guerrilla marketing performances… any sort of interruption of our regular routine can lead to a moment of conversation. the routine stops being routine and the interruptions are. they generated a virus among the people who were there. it is by nature not very persistent.ideavirus. That’s why the bar for interruption and guerrilla marketers keeps moving. your litany of cow lore increases. While this sort of interruption of routine is highly amplified. Your ability to talk in interesting ways about the cows increases. “Hey. they’d be boring.” All of which goes to say that street art.As you pass more cows and different cows and provocative cows. because there’s no way that’s going to create more buzz today. people would quickly stop being excited by it. If you keep interrupting the routine. When Abby Hoffman and the Yippies dropped dollar bills in the middle of Wall Street during lunch hour. By getting people to interact in a way that they weren’t accustomed to. You can’t do what created buzz yesterday. wait until you hear about the cow I saw downtown….com . If Abby Hoffman dropped dollar bills every day. Unleashing the Ideavirus 182 www. performance art. which spread to the media and beyond. if you think this cow is cute. If they kept the cows there for years at a time. the Yippies created more impact than they would have if they’d spent five times as much cash running an ad.

ideavirus. I’m told he was hired by Galliano to turn their obscure liquer into a nationwide phenomenon. Yet. yet people will insist that they prefer one over the other. virtually all of the money spent on liquor advertising is wasted. When Dorf was a PR guy. most distillers are lazy and just buy a huge number of interruption marketing events—billboards. One of my favorite examples was reportedly created by the brilliant marketer Bob Dorf. Most telling of all is the fact that St. Unleashing the Ideavirus 183 www. there’s a huge profit margin built in. admire the person who does. all vodka is the same. given this natural platform. magazine ads. not to you. drinking is a social phenomenon. Realizing that there wasn’t enough money in the world to buy enough “Drink Galliano” billboards. though. perfect for spawning ideaviruses. He riffed on an invention by a California bartender named Harvey and decided to popularize the Harvey Wallbanger. Despite their successes. but you probably can’t even name the top 20 advertisers off the top of your head. far more effective for alcohol manufacturers to focus on advertising to your friends. yet people gladly pay double for Absolut. First. Last year. They work sometimes—remember. It’s far. he took a very different tack. to invest in building viruses that make it more likely that the group will discuss a brand and eventually order it… or at the very least. liquor store displays. Pauli Girl and Becks Light are made on precisely the same brewery line in Hamburg.Never Drink Alone Alcohol manufacturers have two spectacular advantages over most marketers. alcohol marketers spent more than a billion dollars advertising their wares. Second.com .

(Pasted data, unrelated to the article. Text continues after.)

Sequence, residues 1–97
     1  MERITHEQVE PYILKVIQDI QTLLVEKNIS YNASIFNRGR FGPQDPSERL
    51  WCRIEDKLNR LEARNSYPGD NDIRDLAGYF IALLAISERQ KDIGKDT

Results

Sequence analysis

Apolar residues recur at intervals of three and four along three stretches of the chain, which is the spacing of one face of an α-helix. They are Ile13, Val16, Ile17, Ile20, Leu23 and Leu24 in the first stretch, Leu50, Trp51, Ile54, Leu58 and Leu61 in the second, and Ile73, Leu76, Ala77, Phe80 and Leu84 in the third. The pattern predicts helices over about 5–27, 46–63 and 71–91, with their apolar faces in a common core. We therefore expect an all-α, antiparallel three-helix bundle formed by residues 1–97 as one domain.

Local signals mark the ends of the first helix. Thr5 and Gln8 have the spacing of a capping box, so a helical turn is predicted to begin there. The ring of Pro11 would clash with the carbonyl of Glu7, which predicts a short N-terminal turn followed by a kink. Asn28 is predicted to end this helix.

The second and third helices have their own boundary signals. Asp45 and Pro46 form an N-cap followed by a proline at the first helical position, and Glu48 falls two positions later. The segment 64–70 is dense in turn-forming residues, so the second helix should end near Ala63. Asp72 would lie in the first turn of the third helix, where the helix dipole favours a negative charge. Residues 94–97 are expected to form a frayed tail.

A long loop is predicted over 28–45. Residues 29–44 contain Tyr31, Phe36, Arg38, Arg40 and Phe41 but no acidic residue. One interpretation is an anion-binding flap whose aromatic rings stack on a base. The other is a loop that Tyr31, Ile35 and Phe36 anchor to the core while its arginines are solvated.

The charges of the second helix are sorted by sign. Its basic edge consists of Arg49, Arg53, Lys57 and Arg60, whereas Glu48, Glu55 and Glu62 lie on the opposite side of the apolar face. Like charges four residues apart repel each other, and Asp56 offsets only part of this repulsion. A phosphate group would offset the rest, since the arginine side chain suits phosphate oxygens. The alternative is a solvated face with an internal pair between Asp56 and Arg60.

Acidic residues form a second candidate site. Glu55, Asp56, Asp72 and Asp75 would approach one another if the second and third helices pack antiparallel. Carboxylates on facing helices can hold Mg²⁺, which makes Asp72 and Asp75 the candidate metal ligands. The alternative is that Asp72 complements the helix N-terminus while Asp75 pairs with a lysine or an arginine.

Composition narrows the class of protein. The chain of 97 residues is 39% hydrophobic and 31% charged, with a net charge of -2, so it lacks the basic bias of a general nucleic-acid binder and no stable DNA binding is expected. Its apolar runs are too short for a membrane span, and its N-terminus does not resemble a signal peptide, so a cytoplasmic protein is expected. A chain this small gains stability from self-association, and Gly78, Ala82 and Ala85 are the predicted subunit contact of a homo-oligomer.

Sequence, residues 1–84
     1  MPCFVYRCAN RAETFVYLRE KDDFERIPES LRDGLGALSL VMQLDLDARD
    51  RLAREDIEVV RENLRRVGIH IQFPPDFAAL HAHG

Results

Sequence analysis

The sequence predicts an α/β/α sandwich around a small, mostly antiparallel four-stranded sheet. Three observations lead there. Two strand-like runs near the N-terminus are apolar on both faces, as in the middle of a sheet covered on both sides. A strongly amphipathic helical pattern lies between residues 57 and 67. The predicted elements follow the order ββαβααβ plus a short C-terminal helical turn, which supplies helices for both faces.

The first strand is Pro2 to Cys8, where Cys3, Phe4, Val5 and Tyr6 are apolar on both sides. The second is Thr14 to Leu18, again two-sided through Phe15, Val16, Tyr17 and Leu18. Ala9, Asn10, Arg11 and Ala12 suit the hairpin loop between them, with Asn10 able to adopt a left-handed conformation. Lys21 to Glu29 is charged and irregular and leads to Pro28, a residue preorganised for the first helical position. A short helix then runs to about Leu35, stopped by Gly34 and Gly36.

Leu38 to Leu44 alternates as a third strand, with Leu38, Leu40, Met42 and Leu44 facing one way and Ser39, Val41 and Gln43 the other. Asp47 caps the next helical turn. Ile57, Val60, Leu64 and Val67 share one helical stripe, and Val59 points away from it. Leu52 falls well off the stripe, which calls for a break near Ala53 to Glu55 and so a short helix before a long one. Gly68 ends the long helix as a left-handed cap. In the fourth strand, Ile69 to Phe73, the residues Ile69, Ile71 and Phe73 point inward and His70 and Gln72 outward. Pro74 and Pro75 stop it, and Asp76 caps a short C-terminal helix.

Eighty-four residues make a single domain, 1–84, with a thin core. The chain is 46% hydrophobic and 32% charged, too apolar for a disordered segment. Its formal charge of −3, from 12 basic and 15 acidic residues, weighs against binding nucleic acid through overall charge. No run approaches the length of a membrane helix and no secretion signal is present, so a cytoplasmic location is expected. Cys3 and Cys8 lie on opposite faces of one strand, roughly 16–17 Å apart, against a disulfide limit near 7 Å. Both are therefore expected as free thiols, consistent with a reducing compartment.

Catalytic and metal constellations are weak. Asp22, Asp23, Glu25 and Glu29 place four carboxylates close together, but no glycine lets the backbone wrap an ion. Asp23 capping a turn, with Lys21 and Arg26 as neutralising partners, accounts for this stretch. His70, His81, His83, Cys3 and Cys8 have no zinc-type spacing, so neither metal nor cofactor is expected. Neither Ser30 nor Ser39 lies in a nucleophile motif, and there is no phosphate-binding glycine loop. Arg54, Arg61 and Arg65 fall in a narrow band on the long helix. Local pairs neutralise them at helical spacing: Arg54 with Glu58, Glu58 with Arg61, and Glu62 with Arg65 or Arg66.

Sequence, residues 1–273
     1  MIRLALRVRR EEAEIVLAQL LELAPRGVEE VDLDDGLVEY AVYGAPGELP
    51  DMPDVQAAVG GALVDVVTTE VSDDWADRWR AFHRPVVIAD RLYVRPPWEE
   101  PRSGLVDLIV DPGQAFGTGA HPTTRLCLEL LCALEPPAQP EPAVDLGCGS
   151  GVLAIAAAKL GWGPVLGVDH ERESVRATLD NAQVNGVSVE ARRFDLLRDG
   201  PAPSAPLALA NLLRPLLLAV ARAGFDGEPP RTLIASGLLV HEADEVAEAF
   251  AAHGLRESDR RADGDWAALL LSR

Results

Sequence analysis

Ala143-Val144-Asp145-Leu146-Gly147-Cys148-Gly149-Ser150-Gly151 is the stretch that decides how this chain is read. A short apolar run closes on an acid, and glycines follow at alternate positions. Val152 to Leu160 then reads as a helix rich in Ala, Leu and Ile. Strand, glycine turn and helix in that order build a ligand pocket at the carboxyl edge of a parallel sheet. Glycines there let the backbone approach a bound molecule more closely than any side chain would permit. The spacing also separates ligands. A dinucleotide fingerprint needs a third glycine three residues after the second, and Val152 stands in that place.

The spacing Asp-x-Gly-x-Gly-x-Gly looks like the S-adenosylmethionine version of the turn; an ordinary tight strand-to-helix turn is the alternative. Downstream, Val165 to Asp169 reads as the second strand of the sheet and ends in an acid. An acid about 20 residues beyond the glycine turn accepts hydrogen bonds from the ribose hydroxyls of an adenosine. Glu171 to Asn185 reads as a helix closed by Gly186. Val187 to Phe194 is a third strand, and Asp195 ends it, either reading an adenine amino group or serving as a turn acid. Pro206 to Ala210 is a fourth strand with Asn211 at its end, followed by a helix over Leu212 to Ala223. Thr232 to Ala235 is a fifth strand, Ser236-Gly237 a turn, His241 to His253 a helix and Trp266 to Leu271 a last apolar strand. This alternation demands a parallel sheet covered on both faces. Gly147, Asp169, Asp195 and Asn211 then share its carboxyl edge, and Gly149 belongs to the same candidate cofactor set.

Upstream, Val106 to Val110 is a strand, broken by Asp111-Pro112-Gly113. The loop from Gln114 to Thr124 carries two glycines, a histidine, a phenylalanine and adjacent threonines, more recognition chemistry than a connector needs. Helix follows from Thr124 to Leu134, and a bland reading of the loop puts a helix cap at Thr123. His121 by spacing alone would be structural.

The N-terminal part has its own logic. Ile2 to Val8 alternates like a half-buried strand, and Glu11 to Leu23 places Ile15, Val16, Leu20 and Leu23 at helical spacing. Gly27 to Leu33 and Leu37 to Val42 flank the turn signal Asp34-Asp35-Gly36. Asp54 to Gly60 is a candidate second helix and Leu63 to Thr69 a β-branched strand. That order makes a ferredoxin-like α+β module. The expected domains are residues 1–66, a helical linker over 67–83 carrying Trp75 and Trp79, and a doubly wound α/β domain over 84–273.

the virus did exactly what Galliano had asked for… it put the drink on the radar screen.ideavirus. “I’ll have one too. a Harvey Wallbanger wasn’t that good) but it was extremely smooth. Dorf then set out to teach the newly-counterculture 1970s drinking crowd about this fun (hey. a bit better drawn than Kilroy. he’d have to stop and explain to everyone else in the group what it was. a drink that coincidentally used a lot of Galliano. When one fashion-forward powerful sneezer in a group ordered one.com . taught bartenders how to mix the drink and even sent people into popular bars and had them order the drinks (loudly). The result was an ideavirus. That group took the news to the hive. it was a cartoon) drink. please. He printed T-shirts. But he was also a drink.Harvey was a fairly primitive cartoon.” High velocity. The virus wasn’t particularly persistent (from what I’m told. After someone told you about the drink. Unleashing the Ideavirus 184 www. and the virus spread. all you had to do to get one was say.